Creating Roadblocks: Secretive Org at Toyota

With all the buzz about Toyota cars, I couldn’t help but think about how something like this could have happened to the world’s largest automaker—an automaker known for its dedication to quality and attention to detail. However, the cause of the problem may not be the important part or even the most interesting. Recalls happen all the time, engineers make mistakes. On a machine with thousands of components and tens of thousands of moving parts, it is reasonable to expect that not everything will be perfect. Rather I think the interesting and possible more problematic tid bit to come out of this fiasco is the corporate culture of the organization–an organization that allowed this incident with faulty accelerators to balloon out of control.

I was reading an article on the Wall Street Journal website today that pointed to the secretive culture of the Toyota corporation as the primary cause behind the public relations nightmare the company is currently facing. According to the WSJ, Toyota knew about a potential problem as far back as 2004. Toyota, however, kept refuting the claims and refused to look further into the issue until more data was available to prove that there were problems with its cars. The decision making process engaged by top Toyota management is still a mystery as Toyota, as an organization, tends to keep to itself and has had a history of clashing with government regulators.

I think two things are going on here. First, I think that Toyota was hoping that it could handle the problem in house and find a fix quietly without going public and taking a public relations hit. Second, I think that their secretive handling of the crisis has further strained relations with the NHSTA and could trigger some serious repercussions. Thoughts?


7 Responses

  1. This whole situation reminds me of a incident similar to it in the 1970’s with the Ford Pinto. In my Business, Gov’t, and Society class that the “Haertless Capitalist” and I took last semester discussed how Ford had denied and denied that the tanks of the Pinto were dangerous. Dangerous because in minor rear-end accidents the gas tank tended to catch fire and sometimes explode. Ford could have avoided the problem by just making the recall and fixing the problem in the design. It would have been costly, but in hindsight they would have avoided what became a large scandal and eventually a stain on the car manufacturers name.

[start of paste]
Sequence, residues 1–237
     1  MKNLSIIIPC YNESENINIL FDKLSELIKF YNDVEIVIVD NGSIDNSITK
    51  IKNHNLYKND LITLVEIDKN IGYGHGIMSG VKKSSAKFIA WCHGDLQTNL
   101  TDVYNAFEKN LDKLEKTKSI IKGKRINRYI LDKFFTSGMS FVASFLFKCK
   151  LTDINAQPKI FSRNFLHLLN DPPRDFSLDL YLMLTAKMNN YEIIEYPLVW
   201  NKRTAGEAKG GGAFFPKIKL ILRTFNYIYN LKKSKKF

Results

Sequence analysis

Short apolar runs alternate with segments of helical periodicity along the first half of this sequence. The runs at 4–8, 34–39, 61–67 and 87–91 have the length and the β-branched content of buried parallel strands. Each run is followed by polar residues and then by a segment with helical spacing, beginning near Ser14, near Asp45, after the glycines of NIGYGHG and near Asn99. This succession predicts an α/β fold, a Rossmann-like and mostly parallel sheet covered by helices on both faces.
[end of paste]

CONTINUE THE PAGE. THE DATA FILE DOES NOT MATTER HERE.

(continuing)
Regardless of the reasons that Toyota denied the problem or the seriousness of the issue, this situation is playing out allow the lines of the Ford Pinto incident. At this point there might not be much to salvage the situation, but Toyota should trend carefully in order to protect the company name and reputation.

    • I think they need to enter into damage control mode at this point and I would argue that name and reputation has already been tarnished. Put all this together with the current hard hitting Ford and Chevy commercials and the high initial quality ratings domestic vehicles have been achieving and I think Toyota may have a more serious problem on their hands – something that could affect them in the long term.

  2. This situation parallels strongly with recall event involving the arthritis drug Vioxx produced by the pharmaceutical giant Merck. Similar to Toyota’s recall problem, Merck released an unsafe product on the market and struggled with whether or not to recall the medicine. This situation stems into the world of business ethics. What duty does the supplier have to the customer? How will the view of Toyota cars change after this recall? Remember this is not the first automotive recall, in fact American car companies historically have had more recalls.

    • I agree that it does hit on ethics and clearly in this case Toyota was about saving face. They have never experienced a recall like this and were probably very concerned with the potential fall out. I think they were either hoping that the problem was a fluke/anomaly or that they could quietly develop a fix. This clearly did not happen and they are left scrambling.

  3. It makes sense that Toyota would try to keep the problem behind closed doors. When people hear the word recall, they generally get worried about what may happen to them while driving the car. It gives off a negative connotation to most people. So coming from Toyota’s standpoint, it seems logical to try to keep it a secret from the public, until something goes wrong that is. If they could have gotten through this without the problem of the accelerators surfacing, it would have been genius and they would have saved tons of money. So does it make sense for them (until the point where there were large numbers of cars going through this) to try and conceal the problem?

    • I think for a company that prides itself on quality and has not experienced a recall like this—yes I would almost expect them to try and conceal the mistake. At some level, maybe a certain degree of arrogance factored into the equation—after all, they are Toyota and do not make mistakes!

  4. BRAVO on replies! An excellent way to keep the conversation going!

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